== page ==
New Moon Update: July 2021
Today, Friday 9th, is the New Moon day for the month of July 2021. The next Uposatha Day will be the Full Moon which falls on Saturday 24th July. This will be followed on Sunday 25th July with the beginning of our annual Rains Retreat (vassa).
Last month, Monday 21st June, was the fortieth anniversary of the formal beginning of Harnham Buddhist Monastery. That day happened to coincide with the forty-fifth anniversary of my being received into the bhikkhu sangha (upasampada) with Ajahn Chah as my Preceptor. It is easy to feel fortunate when I reflect back over the years. It is inspiring to think about the beautiful and daring spirit of the original trustees who were bold enough to initiate this project, and the sincere commitment of all those who have helped build and maintain the fabric of this monastery. Even once the semi-derelict buildings had been made liveable, it took a considerable amount of effort to keep the resident community fed and healthy. That energy and organization was always forthcoming. It is heart-warming to see how in the midst of all the changes that the wider society has been going through, this small traditional Theravada Buddhist monastery has not only survived, it has thrived. For all of this I am deeply grateful.
In an email that I recently received from Luang Por Sumedho he commented, 'Looking back 40 years, it doesn’t seem that long ago. I’m very happy to give my blessings and express my gratitude to you, the trustees and supporters of Harnham.'
On June 17th we marked the hundred and third anniversary of the birth of our teacher, Luang Por Chah. I took the opportunity to offer a talk called Beautiful Emanations which considered the emphasis Luang Por Chah placed on spiritual practice in the context of community. Sometimes the company of others feels supportive. At other times it feels irritating. Such is life. The teachings we have received encourage us to learn to carefully inhibit the compulsive judging mind and see where, when and how we make things worse by blaming others for our suffering. If we don't like the way someone behaves and that disliking leads on to ill-will, where is the true source of suffering? Is it the behaviour of the other person? Is it the disliking? Or is it the ill-will that we added to the mix? With well-trained attention we can look into these questions for ourselves. The teacher might tell us that it is the clinging to dislike that gives rise to the ill-will and that is where we can find the cause of the problem, however such information alone might not be enough to stop us from generating ill-will. With careful restraint and wise reflection, hopefully we will begin to see the part that we play in creating difficulties. It is this seeing for ourselves that leads to the letting go that Luang Por Chah taught so much about. And it is this letting go that leads to harmonious well-being, inwards and outwards.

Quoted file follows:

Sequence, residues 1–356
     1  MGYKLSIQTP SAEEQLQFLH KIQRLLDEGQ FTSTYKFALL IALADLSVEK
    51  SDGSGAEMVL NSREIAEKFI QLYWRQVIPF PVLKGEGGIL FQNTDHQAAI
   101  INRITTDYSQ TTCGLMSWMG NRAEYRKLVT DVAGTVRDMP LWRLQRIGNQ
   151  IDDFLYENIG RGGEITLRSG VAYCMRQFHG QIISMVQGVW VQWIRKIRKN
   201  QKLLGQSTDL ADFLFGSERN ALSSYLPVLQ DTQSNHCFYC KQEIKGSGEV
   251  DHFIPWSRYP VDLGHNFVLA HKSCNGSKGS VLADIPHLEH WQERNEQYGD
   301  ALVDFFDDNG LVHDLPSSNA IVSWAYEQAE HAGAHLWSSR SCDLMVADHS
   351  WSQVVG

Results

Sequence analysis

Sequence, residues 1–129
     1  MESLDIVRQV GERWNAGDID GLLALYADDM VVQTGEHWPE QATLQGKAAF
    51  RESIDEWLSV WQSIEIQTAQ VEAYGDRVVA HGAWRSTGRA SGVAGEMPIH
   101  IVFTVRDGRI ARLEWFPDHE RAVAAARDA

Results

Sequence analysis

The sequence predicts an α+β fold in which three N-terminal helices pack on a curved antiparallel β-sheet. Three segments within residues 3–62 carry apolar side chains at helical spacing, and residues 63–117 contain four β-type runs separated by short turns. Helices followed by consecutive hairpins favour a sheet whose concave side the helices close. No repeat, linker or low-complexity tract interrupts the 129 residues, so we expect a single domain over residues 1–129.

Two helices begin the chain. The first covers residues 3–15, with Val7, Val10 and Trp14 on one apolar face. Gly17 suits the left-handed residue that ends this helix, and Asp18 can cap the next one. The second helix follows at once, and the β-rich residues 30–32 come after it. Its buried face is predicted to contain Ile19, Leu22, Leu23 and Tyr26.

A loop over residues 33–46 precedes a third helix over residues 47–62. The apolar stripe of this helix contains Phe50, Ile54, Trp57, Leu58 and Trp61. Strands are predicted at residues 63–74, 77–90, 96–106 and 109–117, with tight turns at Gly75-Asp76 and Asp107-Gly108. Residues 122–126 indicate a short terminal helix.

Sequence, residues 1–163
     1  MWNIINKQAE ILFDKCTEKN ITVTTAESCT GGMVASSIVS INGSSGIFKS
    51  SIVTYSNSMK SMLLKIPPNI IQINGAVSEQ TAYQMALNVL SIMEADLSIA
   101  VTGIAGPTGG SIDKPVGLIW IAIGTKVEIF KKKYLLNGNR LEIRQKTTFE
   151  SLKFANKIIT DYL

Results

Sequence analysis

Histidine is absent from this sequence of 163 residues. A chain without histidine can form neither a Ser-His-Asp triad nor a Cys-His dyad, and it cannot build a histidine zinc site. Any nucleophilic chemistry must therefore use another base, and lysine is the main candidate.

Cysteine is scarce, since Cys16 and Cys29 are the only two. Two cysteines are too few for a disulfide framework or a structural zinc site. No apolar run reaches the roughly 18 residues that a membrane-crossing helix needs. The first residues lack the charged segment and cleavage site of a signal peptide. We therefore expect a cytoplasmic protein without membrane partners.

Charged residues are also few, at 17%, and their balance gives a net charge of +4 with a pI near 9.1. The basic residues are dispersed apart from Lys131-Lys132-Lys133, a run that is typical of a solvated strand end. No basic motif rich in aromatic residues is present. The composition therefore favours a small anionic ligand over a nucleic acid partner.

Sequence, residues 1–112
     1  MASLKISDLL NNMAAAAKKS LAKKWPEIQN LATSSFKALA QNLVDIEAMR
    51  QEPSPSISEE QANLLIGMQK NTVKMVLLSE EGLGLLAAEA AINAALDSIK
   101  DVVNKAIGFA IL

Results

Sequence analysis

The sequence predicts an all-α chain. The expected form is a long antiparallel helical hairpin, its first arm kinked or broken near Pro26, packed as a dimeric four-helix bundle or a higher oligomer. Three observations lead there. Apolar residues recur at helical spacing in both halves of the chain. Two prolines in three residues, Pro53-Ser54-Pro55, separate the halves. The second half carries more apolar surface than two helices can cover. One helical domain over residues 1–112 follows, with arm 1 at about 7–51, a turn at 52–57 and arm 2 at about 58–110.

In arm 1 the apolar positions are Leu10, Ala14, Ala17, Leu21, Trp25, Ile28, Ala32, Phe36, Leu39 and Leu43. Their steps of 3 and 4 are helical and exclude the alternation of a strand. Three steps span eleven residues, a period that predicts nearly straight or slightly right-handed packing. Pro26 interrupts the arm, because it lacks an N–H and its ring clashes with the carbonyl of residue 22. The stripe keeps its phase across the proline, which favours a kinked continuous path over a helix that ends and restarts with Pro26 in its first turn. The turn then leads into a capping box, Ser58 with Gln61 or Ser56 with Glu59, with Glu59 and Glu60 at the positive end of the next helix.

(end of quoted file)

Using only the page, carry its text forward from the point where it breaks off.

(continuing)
As was mentioned in last month's update, after about twenty years some of the wood work surrounding the pond and shrine in the Memorial Garden has deteriorated. Fortunately much of the work of replacing it can be done by Tan Mahesako and Tan Sucinno. Also the front porch to Number Two Cottage was in serious need of repair (see photo above). A significant portion of the structure had become unstable and required attention. Likewise, three of the benches down by the lake have either collapsed or are about to. Twice now I have been sitting outside talking with someone whilst part of the bench they were on collapsed.
Thankfully the sangha here on the hill is more healthy than the rotting woodwork. At last Ajahn Punnyo has been able to return to Harnham after having been away for almost sixteen months. Tan Atthadassi arrived safely from Amaravati to spend the Rains Retreat here. Tan Samacitto is due to arrive shortly from Wat Nanachat. We expect his stay to be considerably longer.
Talking about Rains Retreat and dates, Tan Adicco has been exercising his coding skills and created a smartphone app version of our annual forestsangha calendar. It is not a full-on dynamic app with all the bells and whistles some users might enjoy, however it does provide easy access to moon days, Dhamma quotes and a catalogue of beautiful photos. If you try it and have difficulty, please do let us know. Or of you try it and appreciate it, you are also welcome to let us know. Similar such apps might be developed if they are found to be useful.
The next Lake Workday is scheduled for Sunday 25th July. Because we are still limiting the number of people who can be here at one time, please either telephone Tan Mahesako on 07943 699 228, or email him at firstname.lastname@example.org if you wish to join us. And note that there might be a last-minute cancellation if it turns out to be rainy on that day, as it did last time.
Luang Por Munindo